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The Scientist

» microscope, disease/medicine and microbiology

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image: Waking Cancer Cells

Waking Cancer Cells

By | December 1, 2012

A protein called Coco rouses dormant breast cancer cells in the lung.

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image: Top 10 Innovations 2012

Top 10 Innovations 2012

By | December 1, 2012

The Scientist’s 5th installment of its annual competition attracted submissions from across the life science spectrum. Here are the best and brightest products of the year.

5 Comments

image: Opinion: Learning from Transcriptomes

Opinion: Learning from Transcriptomes

By | November 28, 2012

In the largest microbial eukaryote genetic sequencing effort ever attempted, researchers are investigating the transcriptomes of 700 marine algae species.

1 Comment

image: Can Worms Alleviate Autism?

Can Worms Alleviate Autism?

By | November 27, 2012

Autism researchers are testing the ability of whipworm eggs to treat autism in a new clinical trial.

10 Comments

image: Microbial Life Beneath the Ice

Microbial Life Beneath the Ice

By | November 27, 2012

Researchers uncover a diverse microbial community living beneath 27 meters of ice in Antarctica’s Lake Vida.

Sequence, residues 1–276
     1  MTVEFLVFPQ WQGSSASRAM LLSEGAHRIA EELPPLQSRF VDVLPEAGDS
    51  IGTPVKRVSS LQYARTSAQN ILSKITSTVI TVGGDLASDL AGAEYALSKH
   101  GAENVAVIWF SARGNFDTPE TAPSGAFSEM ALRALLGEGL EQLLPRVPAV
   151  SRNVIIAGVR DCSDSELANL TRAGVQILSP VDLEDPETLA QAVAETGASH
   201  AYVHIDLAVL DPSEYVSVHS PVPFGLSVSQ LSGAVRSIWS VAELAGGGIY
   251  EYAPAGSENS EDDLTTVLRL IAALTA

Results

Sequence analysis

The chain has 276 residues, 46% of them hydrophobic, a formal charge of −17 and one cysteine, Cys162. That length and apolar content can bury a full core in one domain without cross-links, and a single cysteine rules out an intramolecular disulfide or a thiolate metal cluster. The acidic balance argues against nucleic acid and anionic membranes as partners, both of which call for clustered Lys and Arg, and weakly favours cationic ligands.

1 Comment

image: Architecture Reveals Genome’s Secrets

Architecture Reveals Genome’s Secrets

By | November 25, 2012

Three-dimensional genome maps are leading to a deeper understanding of how the genome’s form influences its function.

4 Comments

image: Nose Cells Help Paralyzed Dogs

Nose Cells Help Paralyzed Dogs

By | November 20, 2012

A transplant of cells from the lining of the nose helps dogs with spinal injuries walk again.

1 Comment

image: A Root Cause of Parkinson’s

A Root Cause of Parkinson’s

By | November 15, 2012

Misfolded α-synuclein proteins promote the spread of Parkinson’s pathology in mouse brains.

1 Comment

image: Navel Bugs

Navel Bugs

By | November 12, 2012

A new study reveals a large mix of microbes in most human belly buttons.  

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image: Next Generation: Ear-Powered Batteries

Next Generation: Ear-Powered Batteries

By | November 11, 2012

Researchers use the electric potential of a guinea pig’s inner ear to harvest enough energy to run a tiny sensor.

1 Comment

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